Let Your Light Shine

parable of the lampMark 4: 21-25

At the onset of my seminary instruction, I wasn’t accustomed to leading musical portions of liturgy during worship. I’ve never been a musician and to this day I do not read music or play any sort of instrument. Still, I dearly love leading my congregation through the liturgy of our worship, but back in the beginning such was not the case.

The first time I was scheduled to intone the liturgy, my supervising pastor suggested that I run through everything a few times with our music director. Following a few vocal warm ups, the organist played the psalm tone on his piano as I sang rather quietly through the six verses of Psalm 1. After he helped build my confidence, I rather robustly sang out the entire Kyrie and Hymn of Praise in the solitude of his office. After tackling the psalm one more time, the pastor bolted into the room and asked if I would please turn off my wireless microphone. Little did I know that, for about fifteen minutes I had been serenading the group gathered for prayer in the church nave.

As I look back on this event, I realize that had I known the microphone was switched on I would not have made such a public display. Rather, I would have quickly switched it off and continued sheepish with my practice. Instead, I was able to share the good news of God’s saving grace boldly. Even if my voice is not on par with those of qualified musicians and vocalists, there could be no denying the truth of God’s promises kept through his Son Jesus Christ.

Jesus asks his disciples, “Is a lamp brought in to be put under a basket, or under a bed, and not on a stand?” Certainly not! God blesses the Church with the most precious treasure there is, the gospel of our Lord Jesus Christ. Each baptized child of God is therefore called to give witness to the wonders of God’s mercy and grace by sharing this gift with the world. With the baptismal rite of the Lutheran Church, we exhort the newly baptized to “Let your light so shine before others that they may see your good works and glorify your Father in heaven.” (Lutheran Book of Worship)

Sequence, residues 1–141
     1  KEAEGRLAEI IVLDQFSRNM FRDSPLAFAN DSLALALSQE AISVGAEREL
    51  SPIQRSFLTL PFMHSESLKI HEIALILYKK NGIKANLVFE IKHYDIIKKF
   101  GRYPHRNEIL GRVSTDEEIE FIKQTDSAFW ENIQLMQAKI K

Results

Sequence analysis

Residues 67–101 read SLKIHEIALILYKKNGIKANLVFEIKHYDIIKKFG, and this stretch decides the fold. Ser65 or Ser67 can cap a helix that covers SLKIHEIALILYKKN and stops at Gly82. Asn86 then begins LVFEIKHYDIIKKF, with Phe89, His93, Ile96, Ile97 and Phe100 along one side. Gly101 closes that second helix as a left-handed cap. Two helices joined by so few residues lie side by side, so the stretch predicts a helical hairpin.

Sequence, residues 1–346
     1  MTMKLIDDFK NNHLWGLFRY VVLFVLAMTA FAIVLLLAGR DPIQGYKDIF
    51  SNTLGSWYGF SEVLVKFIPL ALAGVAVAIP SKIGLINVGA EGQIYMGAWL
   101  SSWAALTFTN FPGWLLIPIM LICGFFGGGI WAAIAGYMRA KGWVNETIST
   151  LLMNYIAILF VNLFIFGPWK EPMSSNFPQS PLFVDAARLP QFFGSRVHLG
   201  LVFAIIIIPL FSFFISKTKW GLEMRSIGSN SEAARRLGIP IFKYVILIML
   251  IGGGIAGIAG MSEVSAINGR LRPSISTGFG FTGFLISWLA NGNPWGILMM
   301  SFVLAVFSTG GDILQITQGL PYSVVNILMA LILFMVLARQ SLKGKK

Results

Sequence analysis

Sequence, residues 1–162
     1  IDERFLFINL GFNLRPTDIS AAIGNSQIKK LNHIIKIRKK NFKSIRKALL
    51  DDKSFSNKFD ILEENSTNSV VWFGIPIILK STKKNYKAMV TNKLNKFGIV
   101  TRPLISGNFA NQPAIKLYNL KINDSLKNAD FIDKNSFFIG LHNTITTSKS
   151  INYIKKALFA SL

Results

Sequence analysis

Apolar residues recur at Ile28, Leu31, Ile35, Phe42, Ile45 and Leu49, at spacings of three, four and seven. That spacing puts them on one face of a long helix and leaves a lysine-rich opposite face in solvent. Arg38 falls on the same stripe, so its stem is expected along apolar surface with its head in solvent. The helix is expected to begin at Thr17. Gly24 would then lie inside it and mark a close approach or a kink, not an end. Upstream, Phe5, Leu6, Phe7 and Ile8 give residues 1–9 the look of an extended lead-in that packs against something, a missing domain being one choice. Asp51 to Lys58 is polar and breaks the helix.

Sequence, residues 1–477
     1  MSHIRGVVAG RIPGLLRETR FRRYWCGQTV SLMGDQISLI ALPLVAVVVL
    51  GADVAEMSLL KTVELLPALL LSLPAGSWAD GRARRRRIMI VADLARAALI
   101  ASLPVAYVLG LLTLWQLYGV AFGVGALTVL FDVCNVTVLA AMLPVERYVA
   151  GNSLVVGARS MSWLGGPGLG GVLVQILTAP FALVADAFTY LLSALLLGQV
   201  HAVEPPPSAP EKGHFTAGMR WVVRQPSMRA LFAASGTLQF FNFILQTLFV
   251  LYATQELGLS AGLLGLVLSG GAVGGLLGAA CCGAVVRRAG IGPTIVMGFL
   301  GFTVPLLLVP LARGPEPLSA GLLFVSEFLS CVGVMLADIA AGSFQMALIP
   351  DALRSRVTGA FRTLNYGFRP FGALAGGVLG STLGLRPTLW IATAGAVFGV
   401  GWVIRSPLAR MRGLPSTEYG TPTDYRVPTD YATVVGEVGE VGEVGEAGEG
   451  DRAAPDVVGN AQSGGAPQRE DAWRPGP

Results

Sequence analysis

In a world fallen into sin and broken beyond human repair, the only hope for salvation comes through Christ and believing that through him, God indeed keeps his promises. Jesus of Nazareth is light and life for the world. Baptized into his death and resurrection, the light of Christ dwells within God’s people. Shine your light so that through the darkness of the world, all may finally see the glory of the Father and enter the gates of our eternal home.

This entry was posted in Discipleship, Gospel According to Mark and tagged , , , , , , , . Bookmark the permalink.

Leave a Reply

Fill in your details below or click an icon to log in:

WordPress.com Logo

You are commenting using your WordPress.com account. Log Out /  Change )

Facebook photo

You are commenting using your Facebook account. Log Out /  Change )

Connecting to %s